Home » That Time Chrysler Made A Better 1990s Citroën 2CV Than Citroën Did

That Time Chrysler Made A Better 1990s Citroën 2CV Than Citroën Did

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One of my all-time favorite cars has to be that masterpiece of minimalism, that acme of asceticism, that paragon of parsimony, the Citroën 2CV. The 2CV was such a product of its era and of a very specific mindset – a brilliant experiment in doing the most with the least. The 2CV is a unique-looking machine, a strange corrugated tin snail, but it’s also mechanically novel, and all of this contributes to its identity. As a result, reviving the 2CV as a more modern car requires a hard choice: do you just make something with a retro-inspired design that suggests the original, or do you try to, somehow, stick to its original concept? Incredibly, in the 1990s, both of these approaches were attempted, to varying degrees, one coming from a very unexpected source. Let’s take a look at them!

First, it’s worth remembering what the original 2CV was like; designed for postwar French farmers to replace donkeys, the 2CV was, as its designer, Pierre-Jules Boulanger famously said, “four wheels under an umbrella.” It was just that simple: an air-cooled flat-twin up front (that made as little as 9hp in its earliest forms), driving the front wheels, a body made of corrugated metal and canvas around it, and some removable seats inside that resembled beach chairs.

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Combine that with a clever interconnected front-to-rear suspension setup that lets you, famously yet again, drive over a plowed field without breaking any eggs, and you get the idea. A simple, rugged, and somehow deeply and powerfully charming little car.

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So, how would you translate a car like this into a more modern form – or, at least as modern as the 1990s? Well, it seems that attempts did happen, once from Citroën themselves in what appears to be at least a full-scale design study, and once, incredibly, from Chrysler, a company that had precisely Jacques merde to do with the early 2CV.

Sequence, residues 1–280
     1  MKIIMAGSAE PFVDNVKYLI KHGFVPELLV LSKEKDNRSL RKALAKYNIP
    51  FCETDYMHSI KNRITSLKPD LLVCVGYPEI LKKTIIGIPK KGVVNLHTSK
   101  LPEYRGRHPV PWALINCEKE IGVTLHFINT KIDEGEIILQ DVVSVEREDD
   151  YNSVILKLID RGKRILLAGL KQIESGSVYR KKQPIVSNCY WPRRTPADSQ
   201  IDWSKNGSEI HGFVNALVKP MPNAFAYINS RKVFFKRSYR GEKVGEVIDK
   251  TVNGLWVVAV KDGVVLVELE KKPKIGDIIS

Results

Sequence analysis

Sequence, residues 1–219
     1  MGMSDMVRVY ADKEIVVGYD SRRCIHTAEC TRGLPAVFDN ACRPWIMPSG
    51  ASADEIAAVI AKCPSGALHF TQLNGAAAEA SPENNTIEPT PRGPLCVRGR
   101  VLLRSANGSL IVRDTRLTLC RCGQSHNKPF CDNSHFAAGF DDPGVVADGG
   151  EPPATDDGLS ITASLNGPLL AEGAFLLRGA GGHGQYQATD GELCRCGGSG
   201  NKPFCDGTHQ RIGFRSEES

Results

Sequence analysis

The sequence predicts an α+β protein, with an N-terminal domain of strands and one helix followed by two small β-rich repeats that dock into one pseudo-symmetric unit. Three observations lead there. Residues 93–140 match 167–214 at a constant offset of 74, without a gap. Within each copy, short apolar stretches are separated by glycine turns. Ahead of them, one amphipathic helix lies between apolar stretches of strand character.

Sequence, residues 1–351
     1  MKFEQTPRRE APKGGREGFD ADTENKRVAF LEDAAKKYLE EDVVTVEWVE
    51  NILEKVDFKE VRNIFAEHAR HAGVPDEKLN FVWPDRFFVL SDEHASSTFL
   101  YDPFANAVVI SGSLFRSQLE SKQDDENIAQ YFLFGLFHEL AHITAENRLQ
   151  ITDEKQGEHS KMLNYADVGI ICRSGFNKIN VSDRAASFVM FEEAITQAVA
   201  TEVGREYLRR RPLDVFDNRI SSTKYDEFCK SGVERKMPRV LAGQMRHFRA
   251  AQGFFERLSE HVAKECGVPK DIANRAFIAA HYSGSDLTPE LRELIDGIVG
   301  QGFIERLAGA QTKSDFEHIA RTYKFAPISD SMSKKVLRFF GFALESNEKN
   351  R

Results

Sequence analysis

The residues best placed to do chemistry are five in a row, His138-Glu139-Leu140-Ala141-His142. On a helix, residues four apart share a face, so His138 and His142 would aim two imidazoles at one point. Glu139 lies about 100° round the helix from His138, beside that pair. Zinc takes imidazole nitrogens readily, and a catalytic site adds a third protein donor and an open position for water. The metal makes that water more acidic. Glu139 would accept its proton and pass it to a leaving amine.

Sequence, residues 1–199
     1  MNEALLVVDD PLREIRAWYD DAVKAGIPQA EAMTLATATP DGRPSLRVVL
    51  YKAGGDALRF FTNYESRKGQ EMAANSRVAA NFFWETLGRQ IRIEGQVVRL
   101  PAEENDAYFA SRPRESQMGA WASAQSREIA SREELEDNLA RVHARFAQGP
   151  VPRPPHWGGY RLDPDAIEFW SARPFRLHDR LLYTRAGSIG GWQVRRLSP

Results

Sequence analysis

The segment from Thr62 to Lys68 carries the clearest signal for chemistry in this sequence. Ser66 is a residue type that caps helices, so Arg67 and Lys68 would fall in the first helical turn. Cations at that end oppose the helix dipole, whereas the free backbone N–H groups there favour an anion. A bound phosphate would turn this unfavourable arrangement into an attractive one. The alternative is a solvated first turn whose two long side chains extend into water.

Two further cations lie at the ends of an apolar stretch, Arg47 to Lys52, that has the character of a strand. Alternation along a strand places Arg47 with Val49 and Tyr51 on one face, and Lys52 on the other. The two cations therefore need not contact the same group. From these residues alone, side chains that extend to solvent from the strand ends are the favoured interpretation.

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Citroen 2cv Brochure

Let’s look at Citroën’s own revived 2CV first, which I learned about thanks to the excellent Car Design Archives Instagram account:

 

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This study is especially interesting because there is really very little known about it; it seems to be called the 2CV 2000, and was made in the 1990s. This full-sized and very finished model is all that remains of the project and was found in the 2010s.

2cv2000 1

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The approach to the revived 2CV here seems to be essentially the same one taken by other carmakers with iconic people’s cars in their pasts: think how Volkswagen turned the old air-cooled, rear-engined Beetle into the FWD, Golf-based New Beetle, or how Fiat modernized their rear engine/RWD 500 into the new front engine/FWD Fiat 500, or how when BMW bought Mini they introduced a new version of that iconic car.